Magazine Article


The Art of Seduction


Klinko & Indrani's

It's a love story really. A tale of art and seduction, love and fashion.

They met on a casting: Indrani as model; Markus Klinko, a brand-new photographer, less than a month in the shooting game. The two formed an instant connection and began their love and work relationship almost immediately. "At that point she had been in the industry much longer as a model than I as a photographer so I guess she kind of felt I needed help and started to advise me. That's how the relationship started. She told me what to do and what not to do," Klinko laughs. "And then it evolved quickly into a more deliberate partnership."

That more deliberate partnership has been growing for more than eight years and has garnered stunning images and worldwide recognition. The two are self-proclaimed opposites, he the simple, down-to-earth photographer, she the intellectual philosopher.

"We always have conflict and that is the nature of our collaboration and that is the strength of our collaboration. She's very interested in meditation and religion. I'm more down-to-earth. I'm interested in pretty girls," Klinko laughs.

"I'm quite simple in my ways of thinking and she's very complicated," he adds. "So we start from these two extreme points of view and we negotiate a sort of a centerpoint. That means going through a lot of conflict—positive conflict."

Indrani agrees. "We look at everything from different points of view and I think that makes our work much richer because we really think things through and really argue our perspectives."

Klinko's perspective is that of an ex-classical musician. He was a world-renowned harpist, with his own record contract, unheard of on his instrument. Klinko worked in the field for 30 years, until an undiagnosed injury to his thumb forced him to give up his career.

"I started classical training when I was three years old, practicing six or seven hours a day when I was 14, 15. There was so much tunnel vision during my teenage years. I was very self-absorbed. But from the basic thinking about photography, I have a classical aesthetic."

Indrani's background is less classical, less traditional. She started to model at age 14 as a way to see the world, and have adventures. "I was just really eager to see the world and it was a good excuse to travel," says Indrani. "I did that for almost 10 years, so it was really a great exposure to the world and to all sorts of people."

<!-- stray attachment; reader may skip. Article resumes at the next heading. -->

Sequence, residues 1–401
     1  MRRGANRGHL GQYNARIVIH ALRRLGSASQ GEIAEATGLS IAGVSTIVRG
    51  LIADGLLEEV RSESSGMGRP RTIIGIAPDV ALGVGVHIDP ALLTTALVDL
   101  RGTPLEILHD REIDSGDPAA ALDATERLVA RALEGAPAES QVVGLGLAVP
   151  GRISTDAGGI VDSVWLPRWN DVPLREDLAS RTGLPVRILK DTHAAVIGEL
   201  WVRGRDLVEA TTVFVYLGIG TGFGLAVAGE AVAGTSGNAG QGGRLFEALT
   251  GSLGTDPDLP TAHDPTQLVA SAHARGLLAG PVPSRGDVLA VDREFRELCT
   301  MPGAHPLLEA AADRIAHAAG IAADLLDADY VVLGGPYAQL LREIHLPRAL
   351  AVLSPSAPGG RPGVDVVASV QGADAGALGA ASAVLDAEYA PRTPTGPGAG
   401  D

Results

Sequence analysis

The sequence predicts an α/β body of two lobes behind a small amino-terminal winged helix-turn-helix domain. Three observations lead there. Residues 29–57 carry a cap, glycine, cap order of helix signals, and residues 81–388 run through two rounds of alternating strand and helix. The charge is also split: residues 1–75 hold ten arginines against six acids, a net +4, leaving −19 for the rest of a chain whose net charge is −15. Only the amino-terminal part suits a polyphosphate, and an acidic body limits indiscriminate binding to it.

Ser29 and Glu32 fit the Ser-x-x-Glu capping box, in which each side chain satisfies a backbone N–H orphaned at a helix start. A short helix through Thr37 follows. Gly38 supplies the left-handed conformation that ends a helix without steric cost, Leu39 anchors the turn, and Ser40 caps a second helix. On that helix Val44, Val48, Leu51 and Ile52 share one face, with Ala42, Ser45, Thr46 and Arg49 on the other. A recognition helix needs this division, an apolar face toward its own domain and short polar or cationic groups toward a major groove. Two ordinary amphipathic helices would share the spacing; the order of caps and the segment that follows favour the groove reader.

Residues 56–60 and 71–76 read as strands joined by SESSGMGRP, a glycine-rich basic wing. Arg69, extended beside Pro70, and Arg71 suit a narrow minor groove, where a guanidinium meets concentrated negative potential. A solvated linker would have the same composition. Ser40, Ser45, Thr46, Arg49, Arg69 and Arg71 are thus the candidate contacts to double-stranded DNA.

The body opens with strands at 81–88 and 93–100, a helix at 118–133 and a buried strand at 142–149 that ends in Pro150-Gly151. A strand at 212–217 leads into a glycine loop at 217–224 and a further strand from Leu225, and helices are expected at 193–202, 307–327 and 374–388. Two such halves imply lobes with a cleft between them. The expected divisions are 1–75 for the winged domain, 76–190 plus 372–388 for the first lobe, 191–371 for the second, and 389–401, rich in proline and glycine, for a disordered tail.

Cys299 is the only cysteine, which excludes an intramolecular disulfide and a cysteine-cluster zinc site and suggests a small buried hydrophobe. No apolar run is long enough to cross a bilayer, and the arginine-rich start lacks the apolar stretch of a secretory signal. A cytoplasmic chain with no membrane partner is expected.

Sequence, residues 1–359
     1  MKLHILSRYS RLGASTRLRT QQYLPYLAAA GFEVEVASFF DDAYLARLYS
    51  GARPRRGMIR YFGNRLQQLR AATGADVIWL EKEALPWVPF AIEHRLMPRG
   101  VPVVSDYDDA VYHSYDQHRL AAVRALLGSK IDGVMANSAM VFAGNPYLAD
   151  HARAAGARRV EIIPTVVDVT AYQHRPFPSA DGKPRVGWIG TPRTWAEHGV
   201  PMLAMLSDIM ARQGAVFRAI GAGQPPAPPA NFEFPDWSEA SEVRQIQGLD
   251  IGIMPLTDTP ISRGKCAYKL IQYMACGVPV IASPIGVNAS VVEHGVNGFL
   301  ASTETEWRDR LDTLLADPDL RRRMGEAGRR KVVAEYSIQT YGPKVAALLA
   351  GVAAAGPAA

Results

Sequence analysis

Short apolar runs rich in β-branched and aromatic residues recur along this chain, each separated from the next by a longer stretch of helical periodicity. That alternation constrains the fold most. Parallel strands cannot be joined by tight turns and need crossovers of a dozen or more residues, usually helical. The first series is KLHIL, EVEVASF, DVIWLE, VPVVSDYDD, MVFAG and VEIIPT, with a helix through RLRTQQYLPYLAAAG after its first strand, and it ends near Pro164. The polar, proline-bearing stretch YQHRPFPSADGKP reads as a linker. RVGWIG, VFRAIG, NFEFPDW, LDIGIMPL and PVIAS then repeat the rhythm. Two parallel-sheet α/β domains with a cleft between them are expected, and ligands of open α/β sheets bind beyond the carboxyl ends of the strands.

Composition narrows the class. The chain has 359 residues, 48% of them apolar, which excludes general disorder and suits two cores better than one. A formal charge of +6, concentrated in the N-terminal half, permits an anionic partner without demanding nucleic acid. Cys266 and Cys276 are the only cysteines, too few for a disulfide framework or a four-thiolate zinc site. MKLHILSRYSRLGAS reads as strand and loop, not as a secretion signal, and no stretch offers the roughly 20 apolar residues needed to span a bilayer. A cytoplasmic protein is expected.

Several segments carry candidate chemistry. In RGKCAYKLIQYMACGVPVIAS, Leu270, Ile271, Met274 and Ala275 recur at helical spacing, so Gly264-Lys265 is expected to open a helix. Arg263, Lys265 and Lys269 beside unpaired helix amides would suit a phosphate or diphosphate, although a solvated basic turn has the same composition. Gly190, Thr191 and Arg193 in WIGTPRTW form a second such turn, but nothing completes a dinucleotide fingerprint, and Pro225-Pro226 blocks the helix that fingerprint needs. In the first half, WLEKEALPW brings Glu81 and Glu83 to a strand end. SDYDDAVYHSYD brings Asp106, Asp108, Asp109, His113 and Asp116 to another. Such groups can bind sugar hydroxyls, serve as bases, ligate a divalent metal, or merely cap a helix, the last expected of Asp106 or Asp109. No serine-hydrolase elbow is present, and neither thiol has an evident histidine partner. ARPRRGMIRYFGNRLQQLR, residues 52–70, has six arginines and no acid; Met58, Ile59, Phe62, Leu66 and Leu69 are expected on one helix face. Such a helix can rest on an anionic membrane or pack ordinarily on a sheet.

Some of these people were fashion photographers, allowing Indrani to experience the industry from the inside, which was extremely useful. Even more useful perhaps, was her ability to make changes in her native India. With the money from her modeling, Indrani was able to open a badly needed secondary school with her father.

"There are constantly new waves of refugees coming in from Bangladesh, so the supply of education can never keep up with the demand. Most of the problems of the world can be solved through education and self-exploration," says Indrani.

Even though Klinko had almost never held a camera before entering the business, he had an inside look at the photography world as well. As a celebrity in the classical music world, he graced many a fashion mag page. But it was a difficult transition for Klinko to come from the top of his field in music, to a beginning role in the fashion world.

"I was kind of very pretentious. I expected things to happen right away and in the beginning had a really hard time with criticism. After two months or so I walked into a New York agent's office and was completely devastated that they didn't want to represent me and send out the book to Vogue immediately," he laughs.

"So it took me awhile to come off that stupid high horse I was on. It was good for me to go through that because it was very humbling. Sometimes I can deal with a model a little bit easier because I've sort of been there in a certain way. I understand the conflict of insecurities, vanities, self-doubt, self-love, and all these things . . ."

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